Pigskins and pints

By Marc Katz

I’m actually writing this before the Ohio State football game at Wisconsin Saturday night, but the marching orders from this paper have always been to write a sports column without the scores.

So that’s exactly what I’m going to do, and not tell you the Buckeyes beat the Badgers like they did Bowling Green, or that the Badgers ruined OSU’s National Championship aspirations.

I am going to tell you about Madison, Wisconsin, because it was probably the best place to visit during my 20 years covering Ohio State football.

Yeah, it was the ice cream shops, but my wife already knew that. And if you stay with me to the end, I’ll tell you how to work off those extra calories from a place where I believe 23 percent butterfat is the norm.

The first time I visited Madison, it was actually a little on the warm side. In my naïveté, I wondered why every other shop on the main street leading from the capitol building to the center of campus was stuffed with down-filled coats. The next time I visited, I sure knew why.

When you’re in Wisconsin during the fall and winter, you’re not much thinking of global warming, although when the waters of Lake Mendota and Lake Monona rise, Madison’s gone. In the back of my mind, I knew I’d heard the word “isthmus” associated with Panama, but didn’t really know what it was.

By definition, it’s a narrow strip of land connecting two other landmasses.

The United States has four of them, including Madison and Seattle. The other two places you’re going to have to look up on your own.

The one in Madison lends itself to cold weather (location, location, location), hence the down parka stores.

My first visit was in 1978, when coach Woody Hayes’ final team visited and busted the Badgers 49-14.

I had the distinct feeling Woody was trying to hold down the score, seeing as one of his former assistant coaches, Dave McClain, was in his first year coaching the Badgers.

McClain, who tragically succumbed to a heart attack a few years later at age 58, never fully received credit for reviving a moribund Wisconsin program, but that turnaround was not evident this day.

Knowing Hayes was touchy about any questions and myself being a rookie on the beat, I considered a question I should ask, finally settling on, “Are you sorry the game got out of hand and you beat a former assistant coach so badly?” Hayes erupted.

“Anyone who would suggest we ran up the score is completely wrong [or something like that],” Hayes bellowed.

It did not occur to me I was asking why he ran up the score. On this day, Wisconsin was just inept. There was nothing the Buckeyes could do except continue to score.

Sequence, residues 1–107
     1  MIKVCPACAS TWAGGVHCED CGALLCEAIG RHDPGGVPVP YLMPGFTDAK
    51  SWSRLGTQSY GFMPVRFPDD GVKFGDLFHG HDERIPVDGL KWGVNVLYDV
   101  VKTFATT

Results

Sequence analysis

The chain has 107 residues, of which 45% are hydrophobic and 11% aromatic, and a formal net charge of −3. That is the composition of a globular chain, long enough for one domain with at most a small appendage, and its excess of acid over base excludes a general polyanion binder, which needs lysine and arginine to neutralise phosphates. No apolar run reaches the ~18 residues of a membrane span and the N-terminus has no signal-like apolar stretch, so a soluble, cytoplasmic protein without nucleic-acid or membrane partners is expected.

That’s the football part.

As many of you have heard, Hayes was not just about football. He often would leave campus early Friday for away games so he could take his team on tours of interesting places. Wisconsin, because the state capitol building was across the street from where the team stayed, was one of those.

I never took one of those tours with Woody, but I know people who have.

It turns out the four wings of Wisconsin’s capitol were not built at once, so they differ in design. Hayes, for some reason, knew that, instructing them the same way he’d diagram a fullback off-tackle play. He also knew that Herbert Hoover, the 31st president of the United States, was born near Cedar Rapids, where the airport that teams use for games at Iowa in Iowa City is located. Visitors welcome. On one such visit, Hayes didn’t like the way the guide was telling Hoover’s story, completing it himself.

At Illinois he told his players to find a class on the Friday before a game and attend, believing they would find out first hand classes were taught better at Ohio State than Illinois.

Hayes himself went to a class in a large auditorium. When the professor noticed his famous visitor, he invited Hayes down to say a few words.

A guy I know who was there said Hayes spoke for quite awhile on Abraham Lincoln.

OK, now what you’ve been waiting for: I have a foolproof method to consume large amounts of ice cream and wear off the calories simultaneously.

This Madison ice cream shop I enjoyed most had two locations in the 1980s–90s, about a mile apart.

I discovered if I consumed a cup of chocolate caramel at one, then walked to the other, I felt like I was working off the calories. At the second stop, I’d order another cup (different flavor), then walk a mile back to the hotel.

One year, it was still about two hours before game time and I had my computer set up and read all my notes. I was told the university dairy store was also excellent, and just a few blocks away from the stadium.

Nobody wanted to go with me. But, again, the exercise was wonderful.

So was the pint of chocolate chip cookie dough.

The views and opinions expressed in On Your Marc are the views and/or opinions of the author and do not reflect the views and/or opinions of the Dayton City Paper or Dayton City Media and are published strictly for entertainment purposes.

Columbus-born Marc Katz had a 44-year newspaper career, 41 of those years covering sports, 40 of them at the Dayton Daily News. He now blogs at KatzCopsNSports.com. Reach Dayton City Paper sports writer Marc Katz at MarcKatz@DaytonCityPaper.com.

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Marc Katz
Columbus-born Marc Katz had a 44-year newspaper career, 41 of those years covering sports, 40 of them at the Dayton Daily News. He now blogs at KatzCopsNSports.com. Reach Dayton City Paper sports writer Marc Katz at MarcKatz@DaytonCityPaper.com.

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